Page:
The common complaint about this benchmark, however, has been to argue that the study is invalid because it used the embedded browser control which while obviously heavily overlapping with the full browser code base (if not directly using the same binaries) —if Apple knows how to develop software properly, which evidence seems to show that they do better than most — has some features toggled off for various justifiable reasons. This apparently yielded the loss of a couple of optimizations, namely JIT NitroJavaScript compilation, and the use of HTML5 async attribute behavior (something that no more than a minute fraction of those Fortune 1000 sites use, if any. I would place odds on zero of them making use of it).

Says Daring Fireball-

It’s easy to see that Mobile Safari is faster than UIWebView — just run something like the SunSpider benchmark twice, once in Mobile Safari and once in any app from the App Store with a web content view. On my iPhone 4, Mobile Safari runs SunSpider almost three times as fast as an app using UIWebView.

I think there’s a general misunderstanding of the benefits of JIT compilation, especially in the context of a test such as this.

The study also found that despite significant JavaScript performance gains in the latest Apple iOS 4.3 and Google Android 2.3 releases, they made no measurable improvements onpage-load times at the sites tested.

Of course they didn’t! I would actually expect that JIT compilation/tracing profilers were actually a minor net negative for the performance of simple webpages of the sort you’re going to find hitting up the corporate websites of the Fortune 1000. Only dynamically rendered AJAXy sites like are going to see “render” benefit from a JIT JavaScript engine, but if you’re simply measuring to the execution of the onload event, on pages where it’s rare for the same piece of JavaScript to ever get executed twice, the return just isn’t there.

JavaScript Speed Is a Rough Approximation of Overall Performance Focus

Firefox 4, released today and highly recommended, is a vastly improved browser in almost every way over its predecessors. The one thing earning the most attention, however, has been the performance of the JavaScript engine. For computationally intensive JavaScript uses it is a dramatic step forward, representing a huge improvement of an already optimized platform.

Sites that demonstrate the benefit of these JavaScript improvements are very few and far between, however, and are far less prevalent than benchmarks that show dramatic gains.

Go ahead, completely turn off JIT compilation (about:config,filter on jit and toggle all of the .content items to false) and see what the impact really is. You’ll find that it’s still a shockingly speedy browser, even though it is suddenly a Sunspider weakling.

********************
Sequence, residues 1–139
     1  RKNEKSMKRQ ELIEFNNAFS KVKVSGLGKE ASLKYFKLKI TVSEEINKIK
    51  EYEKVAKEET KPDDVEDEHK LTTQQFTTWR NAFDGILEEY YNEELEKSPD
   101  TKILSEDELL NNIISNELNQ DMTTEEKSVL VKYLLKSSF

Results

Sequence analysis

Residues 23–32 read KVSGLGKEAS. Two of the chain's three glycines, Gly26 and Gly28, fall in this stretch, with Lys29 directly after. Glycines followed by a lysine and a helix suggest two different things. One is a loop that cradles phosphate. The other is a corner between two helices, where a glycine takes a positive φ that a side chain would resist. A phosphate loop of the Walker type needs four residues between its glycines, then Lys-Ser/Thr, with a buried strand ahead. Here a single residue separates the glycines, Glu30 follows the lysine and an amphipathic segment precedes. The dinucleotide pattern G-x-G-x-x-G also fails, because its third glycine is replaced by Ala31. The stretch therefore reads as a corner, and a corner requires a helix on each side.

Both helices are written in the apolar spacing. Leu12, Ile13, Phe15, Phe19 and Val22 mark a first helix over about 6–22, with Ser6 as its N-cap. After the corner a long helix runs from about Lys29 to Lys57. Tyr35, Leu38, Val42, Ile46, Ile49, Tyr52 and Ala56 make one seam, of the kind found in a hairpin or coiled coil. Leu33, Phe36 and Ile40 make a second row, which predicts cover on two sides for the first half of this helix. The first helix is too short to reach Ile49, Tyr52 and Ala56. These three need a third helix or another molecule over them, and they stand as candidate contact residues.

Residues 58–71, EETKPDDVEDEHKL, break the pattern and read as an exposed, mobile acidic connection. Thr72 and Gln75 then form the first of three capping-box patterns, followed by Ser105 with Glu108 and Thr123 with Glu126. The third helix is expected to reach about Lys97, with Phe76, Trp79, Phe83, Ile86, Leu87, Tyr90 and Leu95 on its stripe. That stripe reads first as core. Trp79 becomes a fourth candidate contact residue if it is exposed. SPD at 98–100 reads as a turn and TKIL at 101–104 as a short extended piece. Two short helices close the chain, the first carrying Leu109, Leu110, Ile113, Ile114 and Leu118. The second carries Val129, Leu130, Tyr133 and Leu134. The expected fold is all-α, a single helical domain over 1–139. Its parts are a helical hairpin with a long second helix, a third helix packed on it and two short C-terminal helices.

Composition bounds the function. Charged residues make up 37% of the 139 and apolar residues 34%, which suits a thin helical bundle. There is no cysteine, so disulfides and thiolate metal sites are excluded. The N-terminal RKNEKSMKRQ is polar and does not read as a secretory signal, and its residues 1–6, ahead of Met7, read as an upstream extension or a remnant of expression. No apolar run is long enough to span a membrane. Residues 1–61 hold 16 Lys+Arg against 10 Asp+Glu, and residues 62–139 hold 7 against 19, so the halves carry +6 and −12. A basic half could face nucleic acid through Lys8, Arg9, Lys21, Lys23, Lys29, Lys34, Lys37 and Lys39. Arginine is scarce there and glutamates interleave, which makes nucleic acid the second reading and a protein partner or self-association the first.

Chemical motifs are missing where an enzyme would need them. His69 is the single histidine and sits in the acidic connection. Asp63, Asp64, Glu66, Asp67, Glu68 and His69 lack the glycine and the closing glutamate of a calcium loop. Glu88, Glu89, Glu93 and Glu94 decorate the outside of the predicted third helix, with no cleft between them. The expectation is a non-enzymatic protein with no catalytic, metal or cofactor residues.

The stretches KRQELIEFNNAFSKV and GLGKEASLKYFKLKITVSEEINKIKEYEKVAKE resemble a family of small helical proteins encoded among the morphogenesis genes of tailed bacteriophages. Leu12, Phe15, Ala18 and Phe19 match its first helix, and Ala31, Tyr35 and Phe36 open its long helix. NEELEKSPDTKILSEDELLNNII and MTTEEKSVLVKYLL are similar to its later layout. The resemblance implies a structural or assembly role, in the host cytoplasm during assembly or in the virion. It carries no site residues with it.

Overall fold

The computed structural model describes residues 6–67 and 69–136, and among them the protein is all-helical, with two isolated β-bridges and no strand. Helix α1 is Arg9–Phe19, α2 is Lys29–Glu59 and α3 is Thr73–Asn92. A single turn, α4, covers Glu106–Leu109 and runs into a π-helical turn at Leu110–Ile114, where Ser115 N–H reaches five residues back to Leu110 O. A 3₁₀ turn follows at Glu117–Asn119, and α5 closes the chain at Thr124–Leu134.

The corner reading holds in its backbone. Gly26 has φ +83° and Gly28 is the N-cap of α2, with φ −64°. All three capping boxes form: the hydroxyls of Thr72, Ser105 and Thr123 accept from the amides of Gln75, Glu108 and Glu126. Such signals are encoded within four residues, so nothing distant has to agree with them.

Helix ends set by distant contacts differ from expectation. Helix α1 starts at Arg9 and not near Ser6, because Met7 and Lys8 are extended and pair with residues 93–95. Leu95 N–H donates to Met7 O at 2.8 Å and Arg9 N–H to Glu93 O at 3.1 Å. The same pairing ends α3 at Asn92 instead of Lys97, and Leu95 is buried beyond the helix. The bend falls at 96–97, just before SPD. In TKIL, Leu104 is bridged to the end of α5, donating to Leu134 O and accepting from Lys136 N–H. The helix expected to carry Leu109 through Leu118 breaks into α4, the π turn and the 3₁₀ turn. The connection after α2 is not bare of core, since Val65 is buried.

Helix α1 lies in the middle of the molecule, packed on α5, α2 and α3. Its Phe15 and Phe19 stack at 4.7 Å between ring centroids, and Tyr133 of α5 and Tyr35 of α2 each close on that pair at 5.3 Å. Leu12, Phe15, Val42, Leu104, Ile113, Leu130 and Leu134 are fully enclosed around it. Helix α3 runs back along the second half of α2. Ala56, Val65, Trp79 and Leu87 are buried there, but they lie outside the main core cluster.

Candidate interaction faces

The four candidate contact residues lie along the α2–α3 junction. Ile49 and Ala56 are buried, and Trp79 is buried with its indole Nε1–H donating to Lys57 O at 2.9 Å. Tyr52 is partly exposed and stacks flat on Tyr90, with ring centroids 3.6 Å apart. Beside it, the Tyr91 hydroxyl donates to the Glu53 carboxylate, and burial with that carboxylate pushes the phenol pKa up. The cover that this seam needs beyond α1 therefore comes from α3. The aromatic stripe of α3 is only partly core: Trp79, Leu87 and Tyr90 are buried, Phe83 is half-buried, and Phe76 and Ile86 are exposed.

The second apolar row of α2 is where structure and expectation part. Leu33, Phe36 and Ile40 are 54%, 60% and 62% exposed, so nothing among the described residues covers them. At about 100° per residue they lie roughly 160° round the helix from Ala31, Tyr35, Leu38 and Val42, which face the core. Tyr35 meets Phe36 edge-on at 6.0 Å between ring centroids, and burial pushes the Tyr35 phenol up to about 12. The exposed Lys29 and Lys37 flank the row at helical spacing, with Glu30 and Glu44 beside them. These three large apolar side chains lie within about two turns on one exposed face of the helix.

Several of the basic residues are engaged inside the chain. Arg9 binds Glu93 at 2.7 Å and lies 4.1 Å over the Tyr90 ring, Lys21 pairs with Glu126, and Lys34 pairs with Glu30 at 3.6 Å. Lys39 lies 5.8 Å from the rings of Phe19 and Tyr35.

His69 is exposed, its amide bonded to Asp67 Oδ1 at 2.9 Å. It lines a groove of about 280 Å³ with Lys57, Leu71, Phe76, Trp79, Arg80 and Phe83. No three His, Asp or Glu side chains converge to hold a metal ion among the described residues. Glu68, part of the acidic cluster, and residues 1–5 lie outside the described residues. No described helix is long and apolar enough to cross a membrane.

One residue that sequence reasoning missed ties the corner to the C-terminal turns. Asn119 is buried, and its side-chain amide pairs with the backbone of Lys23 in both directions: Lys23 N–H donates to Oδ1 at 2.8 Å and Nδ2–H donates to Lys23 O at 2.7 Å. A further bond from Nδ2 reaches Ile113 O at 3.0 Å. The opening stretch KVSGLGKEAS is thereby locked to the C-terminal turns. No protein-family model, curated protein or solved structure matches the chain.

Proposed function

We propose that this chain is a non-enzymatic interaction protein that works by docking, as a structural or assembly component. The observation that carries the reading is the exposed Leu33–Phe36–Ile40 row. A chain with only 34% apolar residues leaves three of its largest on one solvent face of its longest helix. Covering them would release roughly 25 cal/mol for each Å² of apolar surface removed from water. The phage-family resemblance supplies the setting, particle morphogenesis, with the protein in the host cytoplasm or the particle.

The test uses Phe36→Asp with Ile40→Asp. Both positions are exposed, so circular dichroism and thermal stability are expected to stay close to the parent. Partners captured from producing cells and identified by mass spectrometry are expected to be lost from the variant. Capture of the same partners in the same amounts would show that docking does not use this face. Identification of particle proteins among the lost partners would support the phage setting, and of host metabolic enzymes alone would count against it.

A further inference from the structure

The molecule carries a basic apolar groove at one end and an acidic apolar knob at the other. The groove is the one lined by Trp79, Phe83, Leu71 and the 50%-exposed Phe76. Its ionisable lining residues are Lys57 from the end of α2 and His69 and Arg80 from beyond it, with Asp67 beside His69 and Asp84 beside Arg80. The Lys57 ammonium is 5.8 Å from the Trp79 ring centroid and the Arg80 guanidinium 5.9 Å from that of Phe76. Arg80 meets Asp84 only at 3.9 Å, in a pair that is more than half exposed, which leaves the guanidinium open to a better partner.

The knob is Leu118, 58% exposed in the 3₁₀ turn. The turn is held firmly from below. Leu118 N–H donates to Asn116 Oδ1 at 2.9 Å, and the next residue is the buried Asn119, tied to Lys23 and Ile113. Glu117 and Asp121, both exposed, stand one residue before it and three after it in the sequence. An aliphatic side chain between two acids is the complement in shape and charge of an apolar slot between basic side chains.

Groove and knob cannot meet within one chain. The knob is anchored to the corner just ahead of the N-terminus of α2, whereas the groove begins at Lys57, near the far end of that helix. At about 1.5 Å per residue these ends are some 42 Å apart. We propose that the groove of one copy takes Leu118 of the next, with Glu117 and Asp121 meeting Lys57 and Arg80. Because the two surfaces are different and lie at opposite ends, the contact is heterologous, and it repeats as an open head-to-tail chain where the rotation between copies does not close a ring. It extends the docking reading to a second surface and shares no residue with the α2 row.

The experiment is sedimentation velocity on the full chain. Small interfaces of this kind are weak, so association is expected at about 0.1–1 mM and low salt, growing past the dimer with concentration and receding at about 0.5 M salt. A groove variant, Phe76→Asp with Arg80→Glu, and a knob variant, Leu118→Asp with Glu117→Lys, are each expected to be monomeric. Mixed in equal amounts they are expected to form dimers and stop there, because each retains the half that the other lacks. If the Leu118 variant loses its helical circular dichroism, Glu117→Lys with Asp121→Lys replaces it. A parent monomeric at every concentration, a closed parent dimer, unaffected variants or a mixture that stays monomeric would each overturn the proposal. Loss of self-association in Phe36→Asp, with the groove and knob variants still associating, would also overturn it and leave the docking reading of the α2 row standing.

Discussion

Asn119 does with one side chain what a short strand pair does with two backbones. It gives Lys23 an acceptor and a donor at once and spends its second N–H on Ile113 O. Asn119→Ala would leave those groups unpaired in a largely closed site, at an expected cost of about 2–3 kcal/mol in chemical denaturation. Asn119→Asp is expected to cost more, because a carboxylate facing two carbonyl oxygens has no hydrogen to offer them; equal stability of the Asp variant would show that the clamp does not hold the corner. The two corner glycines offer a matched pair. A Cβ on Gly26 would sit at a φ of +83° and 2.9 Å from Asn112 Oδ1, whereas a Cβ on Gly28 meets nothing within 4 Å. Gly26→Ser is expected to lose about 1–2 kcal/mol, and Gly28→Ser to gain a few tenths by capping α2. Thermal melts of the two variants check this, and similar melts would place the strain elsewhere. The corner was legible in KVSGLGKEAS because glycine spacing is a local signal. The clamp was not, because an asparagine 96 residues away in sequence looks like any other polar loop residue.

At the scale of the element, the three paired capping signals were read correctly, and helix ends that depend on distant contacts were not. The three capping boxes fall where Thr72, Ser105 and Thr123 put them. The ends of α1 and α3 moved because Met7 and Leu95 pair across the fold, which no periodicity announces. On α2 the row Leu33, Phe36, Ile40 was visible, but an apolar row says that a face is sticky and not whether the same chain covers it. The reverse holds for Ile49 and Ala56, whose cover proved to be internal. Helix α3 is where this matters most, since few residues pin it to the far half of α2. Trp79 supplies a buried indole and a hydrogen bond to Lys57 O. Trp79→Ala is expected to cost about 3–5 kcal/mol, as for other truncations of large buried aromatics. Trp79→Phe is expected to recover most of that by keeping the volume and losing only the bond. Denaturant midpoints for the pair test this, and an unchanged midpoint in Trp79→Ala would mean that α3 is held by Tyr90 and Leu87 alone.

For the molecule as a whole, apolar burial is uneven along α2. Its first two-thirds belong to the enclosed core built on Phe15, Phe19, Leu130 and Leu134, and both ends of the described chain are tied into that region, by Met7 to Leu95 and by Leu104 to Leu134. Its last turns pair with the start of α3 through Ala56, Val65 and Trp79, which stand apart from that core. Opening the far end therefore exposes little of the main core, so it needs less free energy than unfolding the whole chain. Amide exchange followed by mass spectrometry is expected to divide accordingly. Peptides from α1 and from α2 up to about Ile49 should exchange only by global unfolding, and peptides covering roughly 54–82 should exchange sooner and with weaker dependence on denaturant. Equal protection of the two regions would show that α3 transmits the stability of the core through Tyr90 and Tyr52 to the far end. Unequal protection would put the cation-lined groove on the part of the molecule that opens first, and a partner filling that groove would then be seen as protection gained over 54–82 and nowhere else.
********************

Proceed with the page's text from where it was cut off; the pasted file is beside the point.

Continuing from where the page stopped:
Addons gain from JIT, though of course that is completely immaterial to an embedded browser control on a mobile device.

Everything in the browser is faster and smoother and slicker, having nothing at all to do with the JavaScript engine. Pages render quicker because of a greatly improved, native rendering engine (written in C). Hardware acceleration, retained layers,native property representations … these are the nothing-to-to-with-JavaScript advances that make it a much better, smoother browser than it was before.

Javascript performance is, however, often an important indicator of where team attention lies. Chrome really shot to the lead in the JavaScript war, also bringing a slick and speedy, responsive browser: Their focus was on speed, and it shone through in both aspects of the browser, however it’s a loose correlation. Safari on Windows, as a counterpoint, is an atrociously slow pig of a browser that feels like someone toggled your PCs turbo button off, yet it has an amazingly fast JavaScript engine.

SunSpider results are hugely overemphasized. They will matter more in the future as JavaScript on the sites that we use grows more complex, especially once JavaScript starts getting delivered in a pre-compiled intermediate language form, however it’s surprising to see how many intelligent people expected so much from Nitro’s very impressive JavaScript speedups in a simple test measuring basic page load times. Your browser is not written in JavaScript (yet…), so some perspective correction is in order.

Blaze Wins Regardless Of The Criticism

I commend Blaze, however. They played the media and community like a fiddle, and their PageRank will benefit heavily as a result. They do offer an interesting service which many of us were completely unaware of before.